Post-Traumatic Stress Disorder often develops after a life threatening occurrence.
PTSD has been recognized by the VA as a formal diagnosis since 1980. However, it was called by different names as early as the American Civil War, when combat veterans were referred to as suffering from “soldier’s heart.” In World War I, symptoms that were generally consistent with this syndrome were referred to as “combat fatigue.” Soldiers who developed such symptoms in World War II were said to be suffering from “gross stress reaction,” and many troops in Vietnam who had symptoms of what is now called PTSD were assessed as having “post-Vietnam syndrome.” PTSD has also been called “battle fatigue” and “shell shock.”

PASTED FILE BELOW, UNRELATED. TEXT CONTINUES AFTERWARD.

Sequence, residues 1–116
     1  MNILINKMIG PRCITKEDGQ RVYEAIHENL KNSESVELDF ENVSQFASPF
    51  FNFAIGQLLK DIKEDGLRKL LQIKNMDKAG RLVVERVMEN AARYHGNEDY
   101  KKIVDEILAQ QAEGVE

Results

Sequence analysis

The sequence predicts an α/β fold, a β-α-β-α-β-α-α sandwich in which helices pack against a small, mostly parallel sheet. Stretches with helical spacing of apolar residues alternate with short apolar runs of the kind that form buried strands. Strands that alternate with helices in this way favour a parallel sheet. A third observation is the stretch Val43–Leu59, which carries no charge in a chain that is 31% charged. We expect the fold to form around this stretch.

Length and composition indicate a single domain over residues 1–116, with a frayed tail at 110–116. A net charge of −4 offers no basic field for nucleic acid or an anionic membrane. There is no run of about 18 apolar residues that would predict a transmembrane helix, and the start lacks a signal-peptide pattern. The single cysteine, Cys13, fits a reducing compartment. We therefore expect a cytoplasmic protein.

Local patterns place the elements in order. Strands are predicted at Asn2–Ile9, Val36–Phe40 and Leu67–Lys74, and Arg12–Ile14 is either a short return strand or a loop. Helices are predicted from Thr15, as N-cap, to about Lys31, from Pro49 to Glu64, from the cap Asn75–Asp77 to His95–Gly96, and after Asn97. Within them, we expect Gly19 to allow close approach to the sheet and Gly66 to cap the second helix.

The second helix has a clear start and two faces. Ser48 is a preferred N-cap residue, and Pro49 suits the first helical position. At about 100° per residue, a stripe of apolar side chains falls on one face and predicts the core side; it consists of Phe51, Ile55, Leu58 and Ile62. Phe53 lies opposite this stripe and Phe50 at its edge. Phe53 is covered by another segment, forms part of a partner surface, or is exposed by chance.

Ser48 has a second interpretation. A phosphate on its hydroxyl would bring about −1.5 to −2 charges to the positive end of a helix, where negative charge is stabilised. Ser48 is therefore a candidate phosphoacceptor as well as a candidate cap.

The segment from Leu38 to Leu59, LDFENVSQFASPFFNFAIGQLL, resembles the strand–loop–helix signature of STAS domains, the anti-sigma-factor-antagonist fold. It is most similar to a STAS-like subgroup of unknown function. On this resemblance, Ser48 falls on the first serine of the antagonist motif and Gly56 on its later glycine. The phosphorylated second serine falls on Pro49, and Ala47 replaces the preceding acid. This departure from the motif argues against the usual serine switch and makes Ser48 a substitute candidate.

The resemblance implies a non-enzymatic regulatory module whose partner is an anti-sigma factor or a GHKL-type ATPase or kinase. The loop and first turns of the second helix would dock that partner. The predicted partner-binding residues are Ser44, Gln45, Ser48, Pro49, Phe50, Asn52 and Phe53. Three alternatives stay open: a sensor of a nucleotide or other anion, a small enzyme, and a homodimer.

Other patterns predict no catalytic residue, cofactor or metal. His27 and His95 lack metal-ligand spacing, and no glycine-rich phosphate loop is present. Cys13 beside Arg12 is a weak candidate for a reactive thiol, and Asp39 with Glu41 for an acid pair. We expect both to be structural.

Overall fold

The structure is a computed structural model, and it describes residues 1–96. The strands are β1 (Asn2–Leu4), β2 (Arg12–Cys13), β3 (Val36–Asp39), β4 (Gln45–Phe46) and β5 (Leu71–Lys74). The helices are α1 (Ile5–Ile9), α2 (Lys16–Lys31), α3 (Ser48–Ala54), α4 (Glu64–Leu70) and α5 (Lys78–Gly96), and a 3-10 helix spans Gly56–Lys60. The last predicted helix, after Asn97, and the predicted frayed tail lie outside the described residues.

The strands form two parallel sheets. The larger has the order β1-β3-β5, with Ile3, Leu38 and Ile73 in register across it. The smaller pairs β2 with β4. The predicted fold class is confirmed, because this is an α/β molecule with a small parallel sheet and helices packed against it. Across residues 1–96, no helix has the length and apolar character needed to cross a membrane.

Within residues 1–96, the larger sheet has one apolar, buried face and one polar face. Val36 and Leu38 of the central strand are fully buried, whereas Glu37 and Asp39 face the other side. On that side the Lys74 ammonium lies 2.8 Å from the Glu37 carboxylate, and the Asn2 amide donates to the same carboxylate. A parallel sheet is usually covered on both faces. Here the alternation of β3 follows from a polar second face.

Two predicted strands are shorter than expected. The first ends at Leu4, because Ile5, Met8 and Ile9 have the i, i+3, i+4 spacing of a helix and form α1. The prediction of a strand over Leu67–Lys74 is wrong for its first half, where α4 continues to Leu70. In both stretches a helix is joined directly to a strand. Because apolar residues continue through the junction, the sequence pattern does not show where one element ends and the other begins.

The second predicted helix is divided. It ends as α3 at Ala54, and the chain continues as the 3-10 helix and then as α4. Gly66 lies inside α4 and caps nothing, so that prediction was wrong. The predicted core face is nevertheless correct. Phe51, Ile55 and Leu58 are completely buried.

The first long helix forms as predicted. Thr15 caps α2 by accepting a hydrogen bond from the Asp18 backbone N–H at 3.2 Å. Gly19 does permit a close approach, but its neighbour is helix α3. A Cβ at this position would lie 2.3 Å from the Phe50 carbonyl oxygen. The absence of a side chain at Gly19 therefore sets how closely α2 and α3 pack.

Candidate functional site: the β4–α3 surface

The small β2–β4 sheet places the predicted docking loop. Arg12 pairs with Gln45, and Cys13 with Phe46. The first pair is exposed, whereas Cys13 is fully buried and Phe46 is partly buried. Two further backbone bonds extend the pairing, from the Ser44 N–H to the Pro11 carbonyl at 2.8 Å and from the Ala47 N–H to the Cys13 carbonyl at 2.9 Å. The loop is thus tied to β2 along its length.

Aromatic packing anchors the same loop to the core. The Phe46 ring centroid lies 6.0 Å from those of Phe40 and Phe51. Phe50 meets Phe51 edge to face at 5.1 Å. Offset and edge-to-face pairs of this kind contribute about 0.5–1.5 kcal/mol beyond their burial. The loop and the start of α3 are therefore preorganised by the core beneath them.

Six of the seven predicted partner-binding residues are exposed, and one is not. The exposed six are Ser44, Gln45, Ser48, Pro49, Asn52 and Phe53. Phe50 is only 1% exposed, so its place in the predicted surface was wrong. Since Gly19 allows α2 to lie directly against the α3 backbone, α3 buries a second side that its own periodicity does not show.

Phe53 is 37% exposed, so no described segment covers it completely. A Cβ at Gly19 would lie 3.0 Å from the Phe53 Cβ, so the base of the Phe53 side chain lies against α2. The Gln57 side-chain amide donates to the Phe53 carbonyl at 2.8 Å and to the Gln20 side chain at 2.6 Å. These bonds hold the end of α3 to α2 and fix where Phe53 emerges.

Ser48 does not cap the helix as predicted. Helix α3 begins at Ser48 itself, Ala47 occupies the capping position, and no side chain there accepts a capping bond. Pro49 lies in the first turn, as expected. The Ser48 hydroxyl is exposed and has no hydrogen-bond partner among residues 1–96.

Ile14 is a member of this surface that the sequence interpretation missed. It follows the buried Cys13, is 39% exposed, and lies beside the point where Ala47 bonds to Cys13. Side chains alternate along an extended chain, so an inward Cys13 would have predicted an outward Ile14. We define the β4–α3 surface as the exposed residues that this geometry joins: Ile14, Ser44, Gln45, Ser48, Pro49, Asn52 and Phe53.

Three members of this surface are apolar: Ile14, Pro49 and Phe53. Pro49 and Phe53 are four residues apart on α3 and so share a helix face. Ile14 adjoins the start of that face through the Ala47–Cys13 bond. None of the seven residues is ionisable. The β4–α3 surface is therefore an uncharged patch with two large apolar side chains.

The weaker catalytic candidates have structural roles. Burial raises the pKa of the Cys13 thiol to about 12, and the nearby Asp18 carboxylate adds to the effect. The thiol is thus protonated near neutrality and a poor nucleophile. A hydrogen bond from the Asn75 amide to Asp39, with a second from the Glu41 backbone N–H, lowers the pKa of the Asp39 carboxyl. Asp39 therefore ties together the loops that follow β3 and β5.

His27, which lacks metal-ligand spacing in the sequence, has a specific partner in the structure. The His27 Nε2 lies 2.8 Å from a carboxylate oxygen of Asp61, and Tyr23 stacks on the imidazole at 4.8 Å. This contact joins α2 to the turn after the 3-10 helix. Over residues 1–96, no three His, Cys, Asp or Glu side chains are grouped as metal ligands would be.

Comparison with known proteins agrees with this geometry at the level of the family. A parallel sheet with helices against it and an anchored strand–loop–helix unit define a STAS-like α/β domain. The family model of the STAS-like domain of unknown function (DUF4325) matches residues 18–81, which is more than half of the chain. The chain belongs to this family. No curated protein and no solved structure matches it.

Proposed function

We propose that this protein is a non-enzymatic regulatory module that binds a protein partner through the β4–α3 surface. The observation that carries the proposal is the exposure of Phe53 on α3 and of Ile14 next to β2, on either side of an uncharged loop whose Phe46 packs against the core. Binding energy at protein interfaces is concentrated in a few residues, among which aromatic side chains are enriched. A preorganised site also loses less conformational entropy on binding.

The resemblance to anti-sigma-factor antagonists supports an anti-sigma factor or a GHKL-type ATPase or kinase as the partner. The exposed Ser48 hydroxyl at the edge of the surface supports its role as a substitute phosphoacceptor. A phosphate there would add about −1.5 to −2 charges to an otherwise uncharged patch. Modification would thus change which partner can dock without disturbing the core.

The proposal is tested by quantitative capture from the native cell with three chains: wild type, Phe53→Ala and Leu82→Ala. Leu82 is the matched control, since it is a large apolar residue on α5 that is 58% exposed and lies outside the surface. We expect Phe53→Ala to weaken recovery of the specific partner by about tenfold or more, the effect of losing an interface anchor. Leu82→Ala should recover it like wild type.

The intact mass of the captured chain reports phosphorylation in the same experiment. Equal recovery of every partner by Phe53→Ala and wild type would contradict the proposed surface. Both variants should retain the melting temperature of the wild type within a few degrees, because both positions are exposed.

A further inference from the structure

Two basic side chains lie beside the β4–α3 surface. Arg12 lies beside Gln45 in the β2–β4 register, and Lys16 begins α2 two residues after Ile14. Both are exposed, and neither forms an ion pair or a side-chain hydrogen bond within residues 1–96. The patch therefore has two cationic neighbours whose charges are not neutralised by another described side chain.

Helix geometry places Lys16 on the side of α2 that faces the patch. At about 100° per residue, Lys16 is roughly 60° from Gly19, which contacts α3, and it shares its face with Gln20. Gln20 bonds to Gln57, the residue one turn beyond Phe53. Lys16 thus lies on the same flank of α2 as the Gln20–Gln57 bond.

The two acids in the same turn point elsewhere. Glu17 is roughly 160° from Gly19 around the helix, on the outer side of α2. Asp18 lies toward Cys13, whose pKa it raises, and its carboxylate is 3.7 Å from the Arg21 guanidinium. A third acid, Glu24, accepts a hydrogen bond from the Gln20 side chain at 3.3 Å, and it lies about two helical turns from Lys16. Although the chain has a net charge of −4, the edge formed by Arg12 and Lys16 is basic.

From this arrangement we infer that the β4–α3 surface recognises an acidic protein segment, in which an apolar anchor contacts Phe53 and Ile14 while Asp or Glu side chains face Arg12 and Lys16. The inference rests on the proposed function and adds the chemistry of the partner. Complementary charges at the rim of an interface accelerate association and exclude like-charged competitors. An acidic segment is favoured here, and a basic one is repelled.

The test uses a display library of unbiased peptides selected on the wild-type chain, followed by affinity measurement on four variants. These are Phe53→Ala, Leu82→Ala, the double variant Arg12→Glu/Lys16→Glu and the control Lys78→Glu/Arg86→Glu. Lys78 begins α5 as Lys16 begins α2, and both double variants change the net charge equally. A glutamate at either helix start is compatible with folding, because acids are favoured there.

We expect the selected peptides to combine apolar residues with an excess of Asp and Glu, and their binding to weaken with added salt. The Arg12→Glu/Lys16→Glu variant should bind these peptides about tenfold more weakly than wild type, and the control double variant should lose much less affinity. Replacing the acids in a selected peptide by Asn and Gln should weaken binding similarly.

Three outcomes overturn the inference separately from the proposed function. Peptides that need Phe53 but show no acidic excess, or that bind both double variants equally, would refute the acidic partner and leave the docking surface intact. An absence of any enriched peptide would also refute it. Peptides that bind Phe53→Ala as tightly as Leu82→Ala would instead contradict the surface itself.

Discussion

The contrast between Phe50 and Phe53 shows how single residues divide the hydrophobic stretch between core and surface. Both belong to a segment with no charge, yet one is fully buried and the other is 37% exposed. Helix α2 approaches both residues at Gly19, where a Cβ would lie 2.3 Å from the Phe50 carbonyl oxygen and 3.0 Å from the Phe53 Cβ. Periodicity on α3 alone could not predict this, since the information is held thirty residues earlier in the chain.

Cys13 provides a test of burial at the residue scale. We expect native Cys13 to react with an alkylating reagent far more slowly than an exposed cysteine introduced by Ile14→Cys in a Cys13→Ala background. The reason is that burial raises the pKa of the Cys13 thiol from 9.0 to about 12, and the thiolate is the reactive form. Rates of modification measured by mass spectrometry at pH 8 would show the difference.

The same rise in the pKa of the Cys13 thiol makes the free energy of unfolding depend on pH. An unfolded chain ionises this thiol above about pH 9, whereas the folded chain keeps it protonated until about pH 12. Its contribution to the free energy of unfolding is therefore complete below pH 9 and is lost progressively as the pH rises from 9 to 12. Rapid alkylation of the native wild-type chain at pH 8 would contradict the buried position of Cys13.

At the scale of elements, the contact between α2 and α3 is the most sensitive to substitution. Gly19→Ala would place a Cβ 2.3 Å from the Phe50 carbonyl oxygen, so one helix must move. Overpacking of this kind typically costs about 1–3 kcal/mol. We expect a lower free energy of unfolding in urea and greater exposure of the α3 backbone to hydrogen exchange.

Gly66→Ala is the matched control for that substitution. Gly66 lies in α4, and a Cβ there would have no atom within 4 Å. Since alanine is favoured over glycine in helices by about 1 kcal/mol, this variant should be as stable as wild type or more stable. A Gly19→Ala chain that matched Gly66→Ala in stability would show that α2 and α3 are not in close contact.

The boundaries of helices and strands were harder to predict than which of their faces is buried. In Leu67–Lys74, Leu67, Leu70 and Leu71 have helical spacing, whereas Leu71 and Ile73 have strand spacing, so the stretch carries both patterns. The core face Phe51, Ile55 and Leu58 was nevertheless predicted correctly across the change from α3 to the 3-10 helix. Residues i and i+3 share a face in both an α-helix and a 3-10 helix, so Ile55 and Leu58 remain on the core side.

The effects of PTSD can be debilitating with symptoms ranging from severe nightmares and flashbacks to insomnia and increasing social isolation. It is common for service members to deal with post-combat depression, insomnia, nightmares, and flashbacks, among other symptoms associated with resorting to self-medication with drugs and alcohol.
If you suffer from Post-Traumatic Stress Disorder, contact Ken Kabb.